As the coronavirus death toll continues to rise across the country, states like New York are seeing scenes like this:
“This video without a doubt is very disturbing. But we needed to get this message out to the community so people will understand just how serious this situation is. There's still people out there saying it's fake and it's not real. What we wanted to make sure is that people understand that it is very much real,” Corey L. Teague said.
There are reports of families waiting days and even weeks before they are able to give their loved one a proper burial.
But funeral home owners, like Walker Posey in South Carolina, say they are well prepared to handle any surge in services due to the pandemic.
"The greatest impact we've seen is just people having to limit the size of the actual funeral service itself. We know that the gathering is what's so important because socially, how we interact and feel better, is through seeing our friends come support us. So getting families accustomed to having no gathering basically — we're just limited to private family gatherings — has been a big adjustment,” Posey said.
His funeral home also offers livestreaming, a service he says has been available for more than a decade.
90% of his customers are now choosing webcast services compared to 10% in 2019.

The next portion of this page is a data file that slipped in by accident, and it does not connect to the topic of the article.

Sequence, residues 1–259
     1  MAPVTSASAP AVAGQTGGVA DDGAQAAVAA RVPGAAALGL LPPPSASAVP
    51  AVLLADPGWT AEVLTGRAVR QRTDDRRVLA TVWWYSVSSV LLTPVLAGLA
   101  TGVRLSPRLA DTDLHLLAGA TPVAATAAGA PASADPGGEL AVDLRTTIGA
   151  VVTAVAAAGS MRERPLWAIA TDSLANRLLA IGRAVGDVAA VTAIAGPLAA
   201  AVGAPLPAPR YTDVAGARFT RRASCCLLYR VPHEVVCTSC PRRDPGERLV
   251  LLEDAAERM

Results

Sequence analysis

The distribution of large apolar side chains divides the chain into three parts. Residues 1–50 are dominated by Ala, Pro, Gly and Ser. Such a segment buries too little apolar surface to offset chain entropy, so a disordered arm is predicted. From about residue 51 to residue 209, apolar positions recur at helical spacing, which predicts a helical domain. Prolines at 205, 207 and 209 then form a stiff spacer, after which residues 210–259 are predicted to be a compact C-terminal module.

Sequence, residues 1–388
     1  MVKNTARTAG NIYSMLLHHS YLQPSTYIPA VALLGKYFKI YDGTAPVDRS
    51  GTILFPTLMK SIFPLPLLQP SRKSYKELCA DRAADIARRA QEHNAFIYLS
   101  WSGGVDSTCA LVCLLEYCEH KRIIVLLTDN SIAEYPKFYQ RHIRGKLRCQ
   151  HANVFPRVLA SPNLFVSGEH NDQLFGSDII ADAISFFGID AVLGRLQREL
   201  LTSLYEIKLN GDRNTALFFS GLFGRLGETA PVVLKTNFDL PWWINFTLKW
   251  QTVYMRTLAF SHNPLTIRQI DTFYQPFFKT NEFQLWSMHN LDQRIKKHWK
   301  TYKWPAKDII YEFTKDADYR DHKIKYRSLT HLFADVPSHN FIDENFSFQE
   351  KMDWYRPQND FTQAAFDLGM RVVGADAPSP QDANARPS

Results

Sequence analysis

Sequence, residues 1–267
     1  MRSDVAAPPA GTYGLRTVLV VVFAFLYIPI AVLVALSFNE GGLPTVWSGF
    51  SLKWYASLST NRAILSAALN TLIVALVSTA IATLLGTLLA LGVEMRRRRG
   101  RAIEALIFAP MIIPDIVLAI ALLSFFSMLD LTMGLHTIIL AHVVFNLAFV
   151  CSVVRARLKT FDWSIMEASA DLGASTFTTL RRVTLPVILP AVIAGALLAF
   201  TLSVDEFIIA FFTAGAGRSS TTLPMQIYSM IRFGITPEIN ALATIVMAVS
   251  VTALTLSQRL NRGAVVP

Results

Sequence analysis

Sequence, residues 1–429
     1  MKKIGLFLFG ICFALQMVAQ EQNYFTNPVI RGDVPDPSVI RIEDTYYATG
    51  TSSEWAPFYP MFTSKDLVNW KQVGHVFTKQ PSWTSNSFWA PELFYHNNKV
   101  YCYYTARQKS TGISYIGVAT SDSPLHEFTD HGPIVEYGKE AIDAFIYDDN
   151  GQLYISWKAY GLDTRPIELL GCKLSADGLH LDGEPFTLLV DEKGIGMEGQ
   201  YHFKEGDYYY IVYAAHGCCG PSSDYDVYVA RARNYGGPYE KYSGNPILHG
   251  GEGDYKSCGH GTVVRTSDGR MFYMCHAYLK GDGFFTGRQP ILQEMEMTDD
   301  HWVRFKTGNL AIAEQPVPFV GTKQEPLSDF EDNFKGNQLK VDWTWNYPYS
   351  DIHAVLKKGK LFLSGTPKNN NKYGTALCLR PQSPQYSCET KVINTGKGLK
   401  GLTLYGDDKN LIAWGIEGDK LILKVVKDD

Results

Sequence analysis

“So we'll have a private family service, streamed live, or recorded and uploaded for folks to be able to see later so their friends can then participate. Things like Facebook Live technology, we have our webcasting technology to allow us to actually stream the service live ... and so the community can participate and see as well,” Posey said.
The pandemic has had less of an impact in the Carolinas than in some other states.
The Department of Defense is preparing for worst-case scenarios by providing 100,000 military-style body bags to FEMA for dispersement.
In a statement to Newsy, a FEMA spokesperson said in part:
“FEMA is aware of many states’ planning efforts to account for mortuary contingencies and has increased its posture to support these requests once received from the states. Prudent planning for these future conditions is taken very seriously by FEMA, and we are working with Regional and State health and emergency managers to ramp up available assets to meet contingency needs for the most affected areas.”
Posey says he'll continue to provide burial services. But he is also working with state and local disaster response teams to get equipment he and his staff need to stay safe and healthy.
“We're in line just like everyone else, hoping that that we do receive the things we need to be protected,” he added.